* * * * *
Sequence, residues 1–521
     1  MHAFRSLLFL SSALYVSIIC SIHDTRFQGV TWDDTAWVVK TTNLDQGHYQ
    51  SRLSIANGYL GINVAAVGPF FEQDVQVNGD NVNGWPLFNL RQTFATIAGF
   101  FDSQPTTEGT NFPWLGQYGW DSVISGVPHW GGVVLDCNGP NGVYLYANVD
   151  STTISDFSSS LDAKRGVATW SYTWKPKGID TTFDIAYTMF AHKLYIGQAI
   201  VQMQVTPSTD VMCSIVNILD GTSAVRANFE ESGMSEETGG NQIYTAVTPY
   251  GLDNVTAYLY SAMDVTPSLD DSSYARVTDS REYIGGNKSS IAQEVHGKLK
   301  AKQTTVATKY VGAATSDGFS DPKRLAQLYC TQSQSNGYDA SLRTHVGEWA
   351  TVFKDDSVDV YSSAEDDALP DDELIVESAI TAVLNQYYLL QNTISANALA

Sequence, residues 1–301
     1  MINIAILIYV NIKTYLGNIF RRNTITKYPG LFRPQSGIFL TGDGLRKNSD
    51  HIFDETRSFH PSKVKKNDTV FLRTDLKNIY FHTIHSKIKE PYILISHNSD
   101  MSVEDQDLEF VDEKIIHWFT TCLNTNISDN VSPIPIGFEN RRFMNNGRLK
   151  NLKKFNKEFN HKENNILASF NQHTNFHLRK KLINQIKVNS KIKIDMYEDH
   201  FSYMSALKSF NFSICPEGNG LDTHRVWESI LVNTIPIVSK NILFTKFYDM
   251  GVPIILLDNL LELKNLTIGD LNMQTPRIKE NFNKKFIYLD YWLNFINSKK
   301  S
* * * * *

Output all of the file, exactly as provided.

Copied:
Sequence, residues 1–521
     1  MHAFRSLLFL SSALYVSIIC SIHDTRFQGV TWDDTAWVVK TTNLDQGHYQ
    51  SRLSIANGYL GINVAAVGPF FEQDVQVNGD NVNGWPLFNL RQTFATIAGF
   101  FDSQPTTEGT NFPWLGQYGW DSVISGVPHW GGVVLDCNGP NGVYLYANVD
   151  STTISDFSSS LDAKRGVATW SYTWKPKGID TTFDIAYTMF AHKLYIGQAI
   201  VQMQVTPSTD VMCSIVNILD GTSAVRANFE ESGMSEETGG NQIYTAVTPY
   251  GLDNVTAYLY SAMDVTPSLD DSSYARVTDS REYIGGNKSS IAQEVHGKLK
   301  AKQTTVATKY VGAATSDGFS DPKRLAQLYC TQSQSNGYDA SLRTHVGEWA
   351  TVFKDDSVDV YSSAEDDALP DDELIVESAI TAVLNQYYLL QNTISANALA

Sequence, residues 1–301
     1  MINIAILIYV NIKTYLGNIF RRNTITKYPG LFRPQSGIFL TGDGLRKNSD
    51  HIFDETRSFH PSKVKKNDTV FLRTDLKNIY FHTIHSKIKE PYILISHNSD
   101  MSVEDQDLEF VDEKIIHWFT TCLNTNISDN VSPIPIGFEN RRFMNNGRLK
   151  NLKKFNKEFN HKENNILASF NQHTNFHLRK KLINQIKVNS KIKIDMYEDH
   201  FSYMSALKSF NFSICPEGNG LDTHRVWESI LVNTIPIVSK NILFTKFYDM
   251  GVPIILLDNL LELKNLTIGD LNMQTPRIKE NFNKKFIYLD YWLNFINSKK
   301  S